Every day William Whalen heads to the Committee on Temporary Shelter (COTS) Daystation for lunch.
"Otherwise we wouldn't have any more than that. They have that regularly and we depend on it," Whalen said.
But now the place he and about 60 other people depend on for lunch is without a home itself.
"We came this morning, walked down the stairs and this was covered with mud," said Rita Markley of COTS.
Severe storms Wednesday night with more than an inch of rain in 20 minutes left the Daystation with more than a foot of water inside.
"We've been here since 1996 and have never seen anything like this," Markley said.
The daytime shelter is more than just a free meal at noon; it gives the homeless access to laundry, telephones, computers, mailboxes, and job and housing groups. But all of that is on hold until the Daystation finds a temporary home.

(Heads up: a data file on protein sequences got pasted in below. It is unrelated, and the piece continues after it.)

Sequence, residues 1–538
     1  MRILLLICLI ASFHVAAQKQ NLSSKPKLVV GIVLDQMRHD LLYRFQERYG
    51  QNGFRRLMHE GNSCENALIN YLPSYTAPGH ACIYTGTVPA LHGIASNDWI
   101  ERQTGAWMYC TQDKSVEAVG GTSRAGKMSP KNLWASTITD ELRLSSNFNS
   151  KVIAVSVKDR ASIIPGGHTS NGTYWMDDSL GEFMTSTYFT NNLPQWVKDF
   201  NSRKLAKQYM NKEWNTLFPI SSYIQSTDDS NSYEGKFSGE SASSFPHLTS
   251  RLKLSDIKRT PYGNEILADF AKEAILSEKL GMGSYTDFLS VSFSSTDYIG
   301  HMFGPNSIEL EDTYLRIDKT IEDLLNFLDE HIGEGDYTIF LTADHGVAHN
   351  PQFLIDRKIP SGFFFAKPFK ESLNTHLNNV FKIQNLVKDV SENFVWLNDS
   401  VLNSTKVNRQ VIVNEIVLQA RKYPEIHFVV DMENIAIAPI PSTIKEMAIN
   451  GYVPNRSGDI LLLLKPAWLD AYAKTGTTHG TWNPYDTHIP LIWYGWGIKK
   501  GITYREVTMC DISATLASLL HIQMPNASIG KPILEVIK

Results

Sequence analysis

"Just powerful dehumidifiers and air dryers; we'll remove the interior walls to make sure the wall cavities and ceiling cavities are dried," said Patrick Dattilio of Champlain Housing Trust.
People served by the Daystation have been showing up ready to help, but organizers say the hazardous septic water that is mixed in makes this job just too dangerous.
"It's devastating when the place that helps the homeless has suddenly lost its home," Markley said.
Officials say all the water and sewage damage will take at least a month to fix.
"It isn't an option for a place like COTS not to recover," Markley said.